It is just as well Hallmark doesn't make a greeting card for all occasions. "Roses are red/We're feeling blue/You're costing us money/Here's what to do" doesn't really cut it when a company's second-largest shareholder bloc wants to register its dissatisfaction.
The unhappiness of the Chandler family, heir to the Times Mirror media fortune, with Tribune Co., heir to Times Mirror's headaches, was spelled out in a letter to the company's board Wednesday, bringing the long-simmering feud between the two to a boil.
It's no longer necessary to read between the lines.
The Chandlers minced no words in arguing against the board-approved buyback of stock with borrowed cash, and their shares are about the only thing they don't want to sell. Split the company's broadcasting and newspaper businesses, they say; if necessary, put the whole company on the block.
Calling Tribune's actions and approaches "fundamentally flawed," "hasty and ill-informed" and "disastrous" are just some of the letter's highlights. "This projected turnaround is hard to believe" also fairly leaps off the page.
Not that Tribune Chairman and Chief Executive Dennis FitzSimons seemed all that impressed. In a memo to employees, sent almost eight hours after the Chandlers filed their letter with the Securities and Exchange Commission, he flatly said, "Many of the assertions in the letter are inaccurate."
What's indisputable is these have been tough times for Tribune, whose portfolio includes this newspaper. For one thing, the acquisition of Times Mirror, owner of the Los Angeles Times among other properties, was supposed to create synergy windfalls. But that hasn't happened, according to some analysts. Tribune did, however, pick up an unexpected $1 billion tax bill from an old Times Mirror dispute with the IRS, as well as a circulation scandal at New York's Newsday.
"You have to look at the comments [from the Chandlers] with a very modest grain of salt," said Barry Lucas, senior vice president and analyst at Gabelli & Co. "If you were charitable, you could say the comments on one hand were disingenuous. If you were a little bit more cynical, I think you would say it takes a lot of chutzpah for the Chandlers, in particular, to say that.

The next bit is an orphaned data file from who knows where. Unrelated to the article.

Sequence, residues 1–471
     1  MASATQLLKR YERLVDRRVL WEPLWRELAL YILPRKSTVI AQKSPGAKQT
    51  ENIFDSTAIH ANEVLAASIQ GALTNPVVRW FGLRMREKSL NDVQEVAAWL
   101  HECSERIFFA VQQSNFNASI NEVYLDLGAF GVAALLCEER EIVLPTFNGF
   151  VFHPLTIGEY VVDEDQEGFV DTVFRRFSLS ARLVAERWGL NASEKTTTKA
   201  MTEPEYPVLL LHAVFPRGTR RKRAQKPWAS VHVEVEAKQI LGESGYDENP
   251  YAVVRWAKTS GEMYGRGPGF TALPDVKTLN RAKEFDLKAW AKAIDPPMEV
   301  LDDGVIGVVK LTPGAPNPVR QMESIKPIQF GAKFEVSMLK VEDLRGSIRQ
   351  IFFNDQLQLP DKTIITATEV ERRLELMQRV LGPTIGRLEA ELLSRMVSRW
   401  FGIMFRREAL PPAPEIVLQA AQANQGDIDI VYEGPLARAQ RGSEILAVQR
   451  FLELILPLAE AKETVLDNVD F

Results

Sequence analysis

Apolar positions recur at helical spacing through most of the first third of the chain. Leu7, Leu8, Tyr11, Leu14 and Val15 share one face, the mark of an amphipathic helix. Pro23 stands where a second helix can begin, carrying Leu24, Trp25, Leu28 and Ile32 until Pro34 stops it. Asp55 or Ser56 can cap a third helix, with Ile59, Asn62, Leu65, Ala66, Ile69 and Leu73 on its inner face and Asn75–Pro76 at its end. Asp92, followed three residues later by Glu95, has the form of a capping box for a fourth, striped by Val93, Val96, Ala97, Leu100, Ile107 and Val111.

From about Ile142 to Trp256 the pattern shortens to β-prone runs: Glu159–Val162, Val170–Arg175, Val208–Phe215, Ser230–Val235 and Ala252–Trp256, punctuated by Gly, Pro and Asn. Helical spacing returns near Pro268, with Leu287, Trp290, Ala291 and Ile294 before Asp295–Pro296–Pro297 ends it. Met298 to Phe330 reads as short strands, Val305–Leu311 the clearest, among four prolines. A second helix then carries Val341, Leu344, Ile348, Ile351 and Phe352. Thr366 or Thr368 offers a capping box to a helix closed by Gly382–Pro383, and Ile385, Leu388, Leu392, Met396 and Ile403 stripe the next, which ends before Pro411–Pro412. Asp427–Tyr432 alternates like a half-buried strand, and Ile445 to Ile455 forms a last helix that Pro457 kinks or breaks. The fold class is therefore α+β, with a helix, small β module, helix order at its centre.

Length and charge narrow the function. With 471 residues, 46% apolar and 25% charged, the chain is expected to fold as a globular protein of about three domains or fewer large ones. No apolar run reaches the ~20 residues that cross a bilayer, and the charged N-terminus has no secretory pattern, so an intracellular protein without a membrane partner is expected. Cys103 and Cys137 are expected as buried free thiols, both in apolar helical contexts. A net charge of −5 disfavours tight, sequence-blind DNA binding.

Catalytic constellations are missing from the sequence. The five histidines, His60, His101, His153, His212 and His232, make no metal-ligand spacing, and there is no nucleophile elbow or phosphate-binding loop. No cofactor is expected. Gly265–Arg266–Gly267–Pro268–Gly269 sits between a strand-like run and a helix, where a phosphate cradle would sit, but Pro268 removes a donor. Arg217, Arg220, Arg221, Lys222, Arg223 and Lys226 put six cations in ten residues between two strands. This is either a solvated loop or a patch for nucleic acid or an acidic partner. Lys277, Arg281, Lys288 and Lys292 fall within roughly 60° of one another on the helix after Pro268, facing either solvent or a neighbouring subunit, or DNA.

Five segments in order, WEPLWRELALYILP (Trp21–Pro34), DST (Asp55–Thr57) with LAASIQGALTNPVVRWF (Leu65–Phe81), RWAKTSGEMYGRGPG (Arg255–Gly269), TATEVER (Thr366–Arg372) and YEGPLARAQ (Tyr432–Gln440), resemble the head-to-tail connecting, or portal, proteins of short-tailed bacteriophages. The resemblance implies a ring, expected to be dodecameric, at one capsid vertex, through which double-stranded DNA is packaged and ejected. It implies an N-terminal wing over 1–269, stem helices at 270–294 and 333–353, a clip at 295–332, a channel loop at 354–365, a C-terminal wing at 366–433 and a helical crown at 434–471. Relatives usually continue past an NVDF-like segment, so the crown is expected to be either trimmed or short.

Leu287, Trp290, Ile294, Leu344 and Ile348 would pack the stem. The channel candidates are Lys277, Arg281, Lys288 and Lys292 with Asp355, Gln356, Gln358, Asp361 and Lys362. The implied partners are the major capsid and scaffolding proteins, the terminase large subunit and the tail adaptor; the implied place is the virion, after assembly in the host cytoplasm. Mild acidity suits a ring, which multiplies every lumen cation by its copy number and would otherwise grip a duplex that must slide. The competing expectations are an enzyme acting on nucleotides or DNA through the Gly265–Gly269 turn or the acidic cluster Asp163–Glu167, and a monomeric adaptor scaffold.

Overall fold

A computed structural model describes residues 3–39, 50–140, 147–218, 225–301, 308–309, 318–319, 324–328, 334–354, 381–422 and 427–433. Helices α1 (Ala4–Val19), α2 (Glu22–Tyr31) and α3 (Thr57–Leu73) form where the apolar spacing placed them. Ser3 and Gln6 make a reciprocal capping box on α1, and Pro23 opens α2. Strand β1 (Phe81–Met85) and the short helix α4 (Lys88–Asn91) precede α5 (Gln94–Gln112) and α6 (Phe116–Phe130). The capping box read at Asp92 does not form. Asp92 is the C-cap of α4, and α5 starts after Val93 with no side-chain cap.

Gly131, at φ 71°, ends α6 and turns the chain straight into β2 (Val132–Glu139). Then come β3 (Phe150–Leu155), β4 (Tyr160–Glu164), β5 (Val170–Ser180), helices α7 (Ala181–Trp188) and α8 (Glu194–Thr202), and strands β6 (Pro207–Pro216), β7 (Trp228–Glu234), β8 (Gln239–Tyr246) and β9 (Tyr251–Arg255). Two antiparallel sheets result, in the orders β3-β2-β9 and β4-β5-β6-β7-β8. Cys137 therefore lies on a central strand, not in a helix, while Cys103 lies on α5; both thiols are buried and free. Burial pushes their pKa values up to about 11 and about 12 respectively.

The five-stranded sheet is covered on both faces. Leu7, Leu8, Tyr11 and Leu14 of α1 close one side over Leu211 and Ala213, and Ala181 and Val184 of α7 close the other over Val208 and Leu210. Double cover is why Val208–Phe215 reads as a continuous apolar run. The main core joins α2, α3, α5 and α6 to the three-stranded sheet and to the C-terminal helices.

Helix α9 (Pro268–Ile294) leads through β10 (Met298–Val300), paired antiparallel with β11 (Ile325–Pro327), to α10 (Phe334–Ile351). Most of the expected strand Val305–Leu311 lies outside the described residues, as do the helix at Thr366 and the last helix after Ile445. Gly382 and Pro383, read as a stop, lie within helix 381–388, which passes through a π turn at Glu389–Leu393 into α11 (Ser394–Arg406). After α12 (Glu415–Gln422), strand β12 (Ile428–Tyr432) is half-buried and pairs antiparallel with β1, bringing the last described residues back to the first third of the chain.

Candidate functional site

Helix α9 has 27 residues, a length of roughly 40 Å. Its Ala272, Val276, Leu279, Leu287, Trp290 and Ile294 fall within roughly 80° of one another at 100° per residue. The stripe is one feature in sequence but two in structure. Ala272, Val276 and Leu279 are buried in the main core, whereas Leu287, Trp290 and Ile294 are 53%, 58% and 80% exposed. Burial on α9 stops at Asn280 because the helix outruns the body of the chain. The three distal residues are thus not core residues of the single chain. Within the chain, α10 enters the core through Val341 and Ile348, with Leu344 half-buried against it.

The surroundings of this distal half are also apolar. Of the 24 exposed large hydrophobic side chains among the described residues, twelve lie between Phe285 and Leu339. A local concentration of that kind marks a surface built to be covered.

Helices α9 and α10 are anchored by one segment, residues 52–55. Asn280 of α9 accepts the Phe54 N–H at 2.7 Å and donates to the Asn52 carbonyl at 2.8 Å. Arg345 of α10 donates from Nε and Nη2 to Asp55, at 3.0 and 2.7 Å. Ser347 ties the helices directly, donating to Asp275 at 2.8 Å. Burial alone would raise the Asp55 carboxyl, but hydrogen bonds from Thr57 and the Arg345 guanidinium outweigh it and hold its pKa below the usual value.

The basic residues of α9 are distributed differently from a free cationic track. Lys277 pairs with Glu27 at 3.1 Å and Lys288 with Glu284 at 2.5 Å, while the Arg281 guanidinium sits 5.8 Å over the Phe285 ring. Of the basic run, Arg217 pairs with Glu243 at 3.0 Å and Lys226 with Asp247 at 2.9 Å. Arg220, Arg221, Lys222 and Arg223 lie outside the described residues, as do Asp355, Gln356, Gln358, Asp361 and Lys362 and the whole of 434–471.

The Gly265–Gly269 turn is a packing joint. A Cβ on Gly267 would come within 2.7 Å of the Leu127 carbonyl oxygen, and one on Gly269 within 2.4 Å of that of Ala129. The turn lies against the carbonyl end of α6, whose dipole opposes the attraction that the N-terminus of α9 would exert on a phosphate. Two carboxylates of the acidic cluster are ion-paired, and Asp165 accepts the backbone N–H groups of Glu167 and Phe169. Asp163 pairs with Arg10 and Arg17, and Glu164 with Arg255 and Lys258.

"They say that Tribune has been a laggard [compared with the rest of the sector], and it's been terrible and etc., etc., etc. Well, two of your [old Times Mirror] properties--excuse me--have been the boat anchors around [Tribune's] neck here, in the L.A. Times and Newsday. But again that doesn't change the fact that Tribune management owns them, and something should have been done."
Perhaps the Chandlers are nostalgic for the days when they needed but lift a finger for things to move their way. But if they still wanted to run a media company, maybe they shouldn't have sold the one they had to Tribune for $8.3 billion.
Now they're flexing all the muscle they can muster to budge Tribune's stock price, if not FitzSimons and the board. FitzSimons is charging ahead with the buyback, convinced he's Eisenhower not Custer.
"Dennis is on the hot seat," Lucas said. "Look, he did not do the deal with Times Mirror. ... But you're dealt that hand and you play it, and I think there are certainly things that could have been done better over the last two years."
Because the Chandlers no longer "directly control their prize property, the L.A. Times," said James Goss, a media analyst with Barrington Research, "they're probably more focused on pure and simple financial gains, which is reasonable for an investor, but it's not the same as when they owned Times Mirror and there was pride of ownership."
That's not to say they are wrong about the value of Tribune in pieces. The Chicago Cubs are an asset that could very well bring an irrational price. The Los Angeles Times is a prestige property, helpfully located in a community where the rich are accustomed to paying a premium to impress.
Should Tribune put its TV stations on the market, there will be no shortage of buyers, said Fred Kalil, vice president of Kalil & Co., a radio and TV broker.
"Are they attractive to a lot of people? Definitely," Kalil said. "Eighty percent of all the broadcasters and buyers who are looking at TV would want to look at that. ... You'd have hedge funds, you'd have private [equity buyers], you'd have public companies. You name it. Everyone would take a peek at it."
But beyond lifting Tribune's share price 89 cents Wednesday and opening the floodgates of speculation, what have the Chandlers accomplished with their poison-pen note?
"To the extent that headlines grab attention and it stirs the pot a little bit more, maybe it gets management a little bit more focused," Lucas said. "Maybe it gets some of the private-equity guys a little bit more focused, not that they necessarily needed it.
"The best case for [the Chandlers] is to maybe round up some private-equity players ... who potentially could act together and maybe make a hostile. That would be one way of seeing an outcome."
Tell Hallmark to get ready:
"Red is a rose/Green is clover/You should have listened/We're taking you over."
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